At least 14 people died in avalanches last week, the deadliest week of US avalanches on record

Jessen, Moughamian and Nyman are three of the 14 people who’ve died in avalanches since February 1. It’s the highest number of avalanche deaths recorded in a seven-day period since the US Forest Service’s National Avalanche Center started tracking deaths, according to Karl Birkeland, the center’s director.
Moughamian and three others were killed this weekend when an avalanche swept through a backcountry ski area near Salt Lake City on Saturday. Theirs are the most recent in a string of deaths caused by avalanches in six states:
At least 21 people in the US have died in avalanches since the start of the season in December 2020, according to, a site from the Colorado Avalanche Information Center that tracks nationwide avalanche accidents.
Avalanches caused devastating damage across the world this week, too: A glacier burst triggered an avalanche in India’s northern Uttarakhand state on Sunday, killing at least 19 people

Why it’s been an active year for avalanches

There are two probable reasons why there have been more avalanche deaths this year: More people are enjoying the outdoors in the wilder parts of the West and a “really dangerous snow pack,” said Nikki Champion, a forecaster at the Utah Avalanche Center.

This year’s avalanche season has likely been more active because of a “persistent weak layer” of snow, she said.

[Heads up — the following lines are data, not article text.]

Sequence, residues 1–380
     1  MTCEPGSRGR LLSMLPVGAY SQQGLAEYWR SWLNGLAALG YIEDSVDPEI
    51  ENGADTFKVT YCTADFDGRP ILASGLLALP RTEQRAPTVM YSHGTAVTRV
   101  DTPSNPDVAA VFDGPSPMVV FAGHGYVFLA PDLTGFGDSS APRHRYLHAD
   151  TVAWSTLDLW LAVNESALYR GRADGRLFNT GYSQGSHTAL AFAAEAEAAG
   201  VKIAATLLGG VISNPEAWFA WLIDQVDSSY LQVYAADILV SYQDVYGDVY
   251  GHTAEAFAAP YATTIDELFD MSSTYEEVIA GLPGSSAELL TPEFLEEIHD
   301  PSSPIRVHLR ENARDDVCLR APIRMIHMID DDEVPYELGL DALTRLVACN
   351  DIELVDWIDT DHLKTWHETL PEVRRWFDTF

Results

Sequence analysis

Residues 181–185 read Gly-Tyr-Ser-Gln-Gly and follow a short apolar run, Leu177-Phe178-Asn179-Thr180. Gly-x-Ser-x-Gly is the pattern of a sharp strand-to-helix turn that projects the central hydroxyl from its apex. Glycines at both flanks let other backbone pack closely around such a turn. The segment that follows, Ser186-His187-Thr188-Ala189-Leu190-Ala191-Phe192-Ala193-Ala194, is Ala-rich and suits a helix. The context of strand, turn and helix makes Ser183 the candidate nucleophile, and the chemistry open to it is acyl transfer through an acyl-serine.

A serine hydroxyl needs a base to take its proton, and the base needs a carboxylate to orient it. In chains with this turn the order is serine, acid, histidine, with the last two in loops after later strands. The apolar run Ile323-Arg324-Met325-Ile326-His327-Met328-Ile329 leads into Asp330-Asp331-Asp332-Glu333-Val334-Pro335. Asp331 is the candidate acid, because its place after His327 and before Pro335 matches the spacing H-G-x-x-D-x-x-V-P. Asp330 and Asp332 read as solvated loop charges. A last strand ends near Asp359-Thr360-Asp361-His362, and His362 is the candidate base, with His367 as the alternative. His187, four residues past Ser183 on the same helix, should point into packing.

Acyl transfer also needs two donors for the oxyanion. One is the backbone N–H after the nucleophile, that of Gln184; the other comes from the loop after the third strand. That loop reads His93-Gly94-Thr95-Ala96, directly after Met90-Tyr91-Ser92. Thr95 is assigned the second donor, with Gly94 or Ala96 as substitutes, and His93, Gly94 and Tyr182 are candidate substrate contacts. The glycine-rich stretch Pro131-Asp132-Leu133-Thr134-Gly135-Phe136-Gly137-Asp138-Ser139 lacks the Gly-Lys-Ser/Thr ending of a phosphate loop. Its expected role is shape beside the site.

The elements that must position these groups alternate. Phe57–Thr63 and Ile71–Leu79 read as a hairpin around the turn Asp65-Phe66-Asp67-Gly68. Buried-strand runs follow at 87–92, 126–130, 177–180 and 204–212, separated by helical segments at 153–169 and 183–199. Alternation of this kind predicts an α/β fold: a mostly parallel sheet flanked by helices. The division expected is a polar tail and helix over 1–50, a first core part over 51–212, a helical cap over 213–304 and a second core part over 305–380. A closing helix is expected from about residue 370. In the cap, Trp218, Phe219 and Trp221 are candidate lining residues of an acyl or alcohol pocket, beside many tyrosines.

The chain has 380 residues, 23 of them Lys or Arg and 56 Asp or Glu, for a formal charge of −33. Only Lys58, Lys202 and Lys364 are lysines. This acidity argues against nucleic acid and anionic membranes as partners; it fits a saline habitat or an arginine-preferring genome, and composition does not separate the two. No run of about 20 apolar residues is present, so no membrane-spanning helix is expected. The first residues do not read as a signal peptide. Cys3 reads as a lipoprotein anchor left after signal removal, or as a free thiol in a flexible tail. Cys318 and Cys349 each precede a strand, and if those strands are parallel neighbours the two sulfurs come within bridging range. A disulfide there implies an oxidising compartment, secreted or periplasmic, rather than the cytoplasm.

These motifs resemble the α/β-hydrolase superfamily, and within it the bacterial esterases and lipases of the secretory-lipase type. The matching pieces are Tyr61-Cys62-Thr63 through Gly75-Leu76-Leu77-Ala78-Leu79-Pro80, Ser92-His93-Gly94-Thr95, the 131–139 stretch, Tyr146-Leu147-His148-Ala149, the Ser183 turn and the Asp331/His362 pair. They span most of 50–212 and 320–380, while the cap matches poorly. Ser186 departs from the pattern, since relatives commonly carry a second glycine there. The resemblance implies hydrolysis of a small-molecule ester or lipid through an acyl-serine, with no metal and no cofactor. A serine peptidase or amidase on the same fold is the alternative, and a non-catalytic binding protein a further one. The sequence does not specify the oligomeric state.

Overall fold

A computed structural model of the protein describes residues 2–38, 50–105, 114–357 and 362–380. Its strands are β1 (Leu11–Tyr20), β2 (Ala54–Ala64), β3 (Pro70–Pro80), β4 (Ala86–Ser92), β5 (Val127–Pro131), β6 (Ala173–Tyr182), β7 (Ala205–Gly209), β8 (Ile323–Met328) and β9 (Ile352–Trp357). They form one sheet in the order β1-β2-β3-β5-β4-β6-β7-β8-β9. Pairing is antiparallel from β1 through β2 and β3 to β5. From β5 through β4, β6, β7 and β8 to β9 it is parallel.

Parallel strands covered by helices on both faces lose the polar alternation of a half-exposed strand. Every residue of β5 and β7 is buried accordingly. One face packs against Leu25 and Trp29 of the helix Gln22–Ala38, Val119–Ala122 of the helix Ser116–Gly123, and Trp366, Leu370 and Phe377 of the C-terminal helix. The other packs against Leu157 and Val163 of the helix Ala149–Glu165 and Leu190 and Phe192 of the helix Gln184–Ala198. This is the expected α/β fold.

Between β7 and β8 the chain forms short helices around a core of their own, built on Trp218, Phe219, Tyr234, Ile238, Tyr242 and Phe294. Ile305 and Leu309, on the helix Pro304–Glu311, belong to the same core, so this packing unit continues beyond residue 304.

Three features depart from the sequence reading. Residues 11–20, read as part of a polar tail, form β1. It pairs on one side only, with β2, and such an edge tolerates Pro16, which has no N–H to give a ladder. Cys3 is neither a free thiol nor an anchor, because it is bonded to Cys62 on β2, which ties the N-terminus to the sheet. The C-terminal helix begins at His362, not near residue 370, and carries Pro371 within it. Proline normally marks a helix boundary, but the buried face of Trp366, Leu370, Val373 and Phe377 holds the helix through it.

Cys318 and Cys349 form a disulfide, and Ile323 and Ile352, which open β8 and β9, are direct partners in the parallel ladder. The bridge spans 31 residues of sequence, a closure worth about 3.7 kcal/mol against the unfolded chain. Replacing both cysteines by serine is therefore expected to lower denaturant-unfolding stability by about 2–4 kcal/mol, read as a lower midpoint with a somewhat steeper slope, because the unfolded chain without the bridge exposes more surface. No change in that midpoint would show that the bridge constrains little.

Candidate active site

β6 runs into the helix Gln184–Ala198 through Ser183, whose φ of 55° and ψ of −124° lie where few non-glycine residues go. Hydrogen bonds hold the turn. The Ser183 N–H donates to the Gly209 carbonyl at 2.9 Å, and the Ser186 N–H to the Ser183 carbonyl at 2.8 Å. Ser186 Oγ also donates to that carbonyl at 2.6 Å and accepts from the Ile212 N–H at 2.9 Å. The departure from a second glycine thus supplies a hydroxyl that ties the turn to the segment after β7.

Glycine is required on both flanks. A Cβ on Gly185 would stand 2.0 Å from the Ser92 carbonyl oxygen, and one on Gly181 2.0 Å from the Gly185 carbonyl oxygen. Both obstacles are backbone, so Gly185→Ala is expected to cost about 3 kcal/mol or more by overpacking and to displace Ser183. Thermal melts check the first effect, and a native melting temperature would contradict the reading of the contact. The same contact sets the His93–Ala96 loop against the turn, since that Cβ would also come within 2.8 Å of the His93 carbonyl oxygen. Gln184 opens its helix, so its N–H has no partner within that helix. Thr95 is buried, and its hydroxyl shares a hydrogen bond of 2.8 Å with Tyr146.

Snowfall was relatively minor in November and December compared to years previously, and because there were periods of dryness in the early winter, that early snowfall doesn’t bond together, she said. That weak layer of snowfall is making up the base of the snowpack across the West, including Utah, Colorado and Montana. All the new snow is sitting on top of that weak base, Champion said.

That layer is more persistent in years past, too, she said. Utah and Colorado are experiencing less snow than usual, so that weak bottom layer is sticking around for months.

The uptick in deaths might also be explained by the increase in people visiting the West’s backcountry to ski and hike. Since many ski resorts have shuttered during the pandemic, “more people are choosing to enter the back country,” Champion said.

How to avoid getting stuck in an avalanche

Champion advises checking with local offices for the avalanche forecast. If you’re set on skiing through the backcountry, bring the appropriate avalanche gear, she says, including a shovel, beacon and probe — and take a partner with you.

The best advice, though, is avoiding areas where an avalanche might occur, Champion said.

“This isn’t really a problem you can outsmart,” she said.

For more information on how to avoid avalanches and what to do if you’re stuck in one, read this.

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